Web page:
The second test flight of Nasa's supersonic decelerating system designed for future Martian landings has been cut short after the craft’s parachute failed in a similar way that occurred during the debut flight last year.
Although the space agency’s engineers and their partners spent nearly a year redesigning and reinforcing the 100-foot in diameter parachute, the largest ever tested, the device first failed to unfurl properly before tearing completely away.
"This is exactly why we do tests like this," Nasa engineer Dan Coatta said after the test. "When we're actually ready to send spacecraft to Mars, we know that they are going to work when that big mission is on the line."
Nasa spent five years developing the Low Density Supersonic Decelerator (LDSD) – a $230m landing device combining two braking technologies.
In addition to the parachute, the decelerator is slowed down by a doughnout-shaped extension ring, which inflates during the descent to add surface area and increase friction. The double approach is needed in such thin atmospheres as the one of Mars where a simple parachute wouldn’t suffice.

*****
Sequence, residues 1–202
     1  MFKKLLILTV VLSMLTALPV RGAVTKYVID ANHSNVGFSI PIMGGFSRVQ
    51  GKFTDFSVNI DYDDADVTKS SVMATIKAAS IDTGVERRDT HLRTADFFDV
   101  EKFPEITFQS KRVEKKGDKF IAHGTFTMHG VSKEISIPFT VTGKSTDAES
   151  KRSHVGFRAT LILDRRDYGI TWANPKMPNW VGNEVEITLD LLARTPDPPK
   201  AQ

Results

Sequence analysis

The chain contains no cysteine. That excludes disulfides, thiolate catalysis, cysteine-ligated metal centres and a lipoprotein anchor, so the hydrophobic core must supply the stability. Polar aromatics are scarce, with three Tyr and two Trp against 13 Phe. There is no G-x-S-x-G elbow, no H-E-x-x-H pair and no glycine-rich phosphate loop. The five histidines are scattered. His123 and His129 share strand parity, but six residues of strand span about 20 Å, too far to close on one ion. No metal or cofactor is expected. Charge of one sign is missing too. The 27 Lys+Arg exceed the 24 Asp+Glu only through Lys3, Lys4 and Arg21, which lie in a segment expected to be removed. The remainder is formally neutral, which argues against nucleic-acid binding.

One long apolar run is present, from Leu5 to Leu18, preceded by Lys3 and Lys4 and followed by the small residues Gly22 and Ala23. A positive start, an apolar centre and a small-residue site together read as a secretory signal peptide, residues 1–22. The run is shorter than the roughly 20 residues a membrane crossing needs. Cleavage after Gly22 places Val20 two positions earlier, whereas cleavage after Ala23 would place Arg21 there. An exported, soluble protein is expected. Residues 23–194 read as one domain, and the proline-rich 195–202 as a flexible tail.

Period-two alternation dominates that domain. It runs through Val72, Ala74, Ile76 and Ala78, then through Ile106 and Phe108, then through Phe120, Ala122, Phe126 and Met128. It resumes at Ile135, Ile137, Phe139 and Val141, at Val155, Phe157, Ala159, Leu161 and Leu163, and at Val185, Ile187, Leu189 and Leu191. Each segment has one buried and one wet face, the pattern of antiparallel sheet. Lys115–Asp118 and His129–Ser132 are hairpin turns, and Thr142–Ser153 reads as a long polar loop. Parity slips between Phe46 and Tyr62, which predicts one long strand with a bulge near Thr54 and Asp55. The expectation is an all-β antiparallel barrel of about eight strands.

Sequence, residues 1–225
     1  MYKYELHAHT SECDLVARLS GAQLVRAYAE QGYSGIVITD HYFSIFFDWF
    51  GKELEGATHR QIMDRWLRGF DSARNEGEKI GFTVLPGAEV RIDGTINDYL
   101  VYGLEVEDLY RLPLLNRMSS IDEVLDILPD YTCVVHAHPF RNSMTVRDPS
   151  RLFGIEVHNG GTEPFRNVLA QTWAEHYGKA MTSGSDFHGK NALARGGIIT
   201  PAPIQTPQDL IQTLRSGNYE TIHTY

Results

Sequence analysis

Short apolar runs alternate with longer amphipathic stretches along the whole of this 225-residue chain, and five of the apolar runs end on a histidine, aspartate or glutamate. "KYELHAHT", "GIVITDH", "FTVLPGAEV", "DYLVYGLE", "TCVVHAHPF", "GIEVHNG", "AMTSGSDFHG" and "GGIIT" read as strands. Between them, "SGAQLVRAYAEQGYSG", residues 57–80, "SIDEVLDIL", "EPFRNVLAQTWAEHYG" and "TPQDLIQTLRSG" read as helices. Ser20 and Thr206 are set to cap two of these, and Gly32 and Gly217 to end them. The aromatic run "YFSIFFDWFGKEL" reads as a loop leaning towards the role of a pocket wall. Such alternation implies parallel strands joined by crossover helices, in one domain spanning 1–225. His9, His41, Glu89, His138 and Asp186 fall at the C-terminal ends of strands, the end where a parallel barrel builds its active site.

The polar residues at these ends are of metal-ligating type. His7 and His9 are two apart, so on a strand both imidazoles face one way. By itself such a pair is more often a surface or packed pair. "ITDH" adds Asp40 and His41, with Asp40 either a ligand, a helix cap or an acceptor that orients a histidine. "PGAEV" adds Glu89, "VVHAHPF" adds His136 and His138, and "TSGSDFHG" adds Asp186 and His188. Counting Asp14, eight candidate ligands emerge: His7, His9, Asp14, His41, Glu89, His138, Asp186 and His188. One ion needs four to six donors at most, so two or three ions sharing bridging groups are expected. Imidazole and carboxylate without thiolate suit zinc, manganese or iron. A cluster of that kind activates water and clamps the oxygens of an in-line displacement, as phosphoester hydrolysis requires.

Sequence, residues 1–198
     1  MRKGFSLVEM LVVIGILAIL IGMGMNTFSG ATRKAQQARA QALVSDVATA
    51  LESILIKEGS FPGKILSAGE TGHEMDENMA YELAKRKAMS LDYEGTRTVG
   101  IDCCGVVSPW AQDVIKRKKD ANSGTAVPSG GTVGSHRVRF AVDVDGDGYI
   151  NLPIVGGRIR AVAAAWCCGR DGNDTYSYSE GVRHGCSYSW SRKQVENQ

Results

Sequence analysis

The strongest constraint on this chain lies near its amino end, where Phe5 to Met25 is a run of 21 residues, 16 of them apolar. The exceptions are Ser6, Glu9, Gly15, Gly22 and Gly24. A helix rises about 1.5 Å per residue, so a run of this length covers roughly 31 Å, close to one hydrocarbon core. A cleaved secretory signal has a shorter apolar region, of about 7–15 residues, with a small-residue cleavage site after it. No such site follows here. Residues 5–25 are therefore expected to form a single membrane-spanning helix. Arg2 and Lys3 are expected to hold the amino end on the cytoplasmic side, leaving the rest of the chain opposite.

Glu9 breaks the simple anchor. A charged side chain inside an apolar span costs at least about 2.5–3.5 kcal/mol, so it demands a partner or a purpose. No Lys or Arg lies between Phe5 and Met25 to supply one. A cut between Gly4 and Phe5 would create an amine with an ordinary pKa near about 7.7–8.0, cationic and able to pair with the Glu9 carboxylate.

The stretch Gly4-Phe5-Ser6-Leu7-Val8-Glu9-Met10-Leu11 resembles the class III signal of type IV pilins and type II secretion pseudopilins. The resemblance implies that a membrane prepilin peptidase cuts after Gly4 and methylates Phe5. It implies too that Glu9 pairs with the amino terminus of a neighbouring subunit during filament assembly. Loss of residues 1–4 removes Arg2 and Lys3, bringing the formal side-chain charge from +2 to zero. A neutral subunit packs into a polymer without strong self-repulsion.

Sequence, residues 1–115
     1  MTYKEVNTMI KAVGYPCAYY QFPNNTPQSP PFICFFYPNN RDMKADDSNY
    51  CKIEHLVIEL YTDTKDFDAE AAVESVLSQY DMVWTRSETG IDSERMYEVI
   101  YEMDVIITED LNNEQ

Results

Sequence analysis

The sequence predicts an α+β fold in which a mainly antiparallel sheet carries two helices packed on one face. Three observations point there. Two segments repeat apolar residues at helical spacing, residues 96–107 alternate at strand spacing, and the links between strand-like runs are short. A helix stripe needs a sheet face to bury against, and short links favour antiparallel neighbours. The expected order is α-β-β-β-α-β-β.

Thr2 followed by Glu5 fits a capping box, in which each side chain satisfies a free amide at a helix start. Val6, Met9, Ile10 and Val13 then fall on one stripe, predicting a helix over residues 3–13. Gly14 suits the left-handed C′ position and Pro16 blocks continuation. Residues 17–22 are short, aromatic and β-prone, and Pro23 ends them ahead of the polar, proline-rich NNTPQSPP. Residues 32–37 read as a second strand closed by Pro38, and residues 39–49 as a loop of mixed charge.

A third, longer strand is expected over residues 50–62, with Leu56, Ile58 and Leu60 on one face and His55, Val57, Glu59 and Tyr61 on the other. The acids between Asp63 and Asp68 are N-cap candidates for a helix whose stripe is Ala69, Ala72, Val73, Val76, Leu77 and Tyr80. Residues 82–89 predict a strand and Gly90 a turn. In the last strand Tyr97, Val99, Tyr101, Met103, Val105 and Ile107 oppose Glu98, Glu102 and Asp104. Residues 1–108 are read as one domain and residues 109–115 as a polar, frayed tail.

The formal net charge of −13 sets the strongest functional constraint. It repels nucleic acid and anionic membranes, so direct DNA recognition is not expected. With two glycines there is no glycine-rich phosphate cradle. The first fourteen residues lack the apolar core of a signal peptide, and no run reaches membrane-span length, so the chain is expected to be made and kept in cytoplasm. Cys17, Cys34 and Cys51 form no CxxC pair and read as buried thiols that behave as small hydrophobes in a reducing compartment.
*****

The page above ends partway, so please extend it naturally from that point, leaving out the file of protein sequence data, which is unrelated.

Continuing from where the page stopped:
Unlike the parachute, the inflatable ring deployed correctly during the test, which took place at about 6pm GMT at the US Navy Pacific Missile Range Facility on Kauai, Hawaii.
The decelerator was lifted by a helium-filled balloon to an altitude of 36,576 meters where the landing module separated to shoot up to 54,864 meters powered by a rocket engine.
From this altitude - about five times as high as the cruising altitude of commercial jets - the decelerator plunged towards the Earth, hurtling at almost 5,000 km/h.
The trajectory and speed were chosen to simulate the conditions a future spacecraft would encounter during a Martian landing.
Data from both, the parachute and the inflatable ring, were collected throughout the flight for further analysis.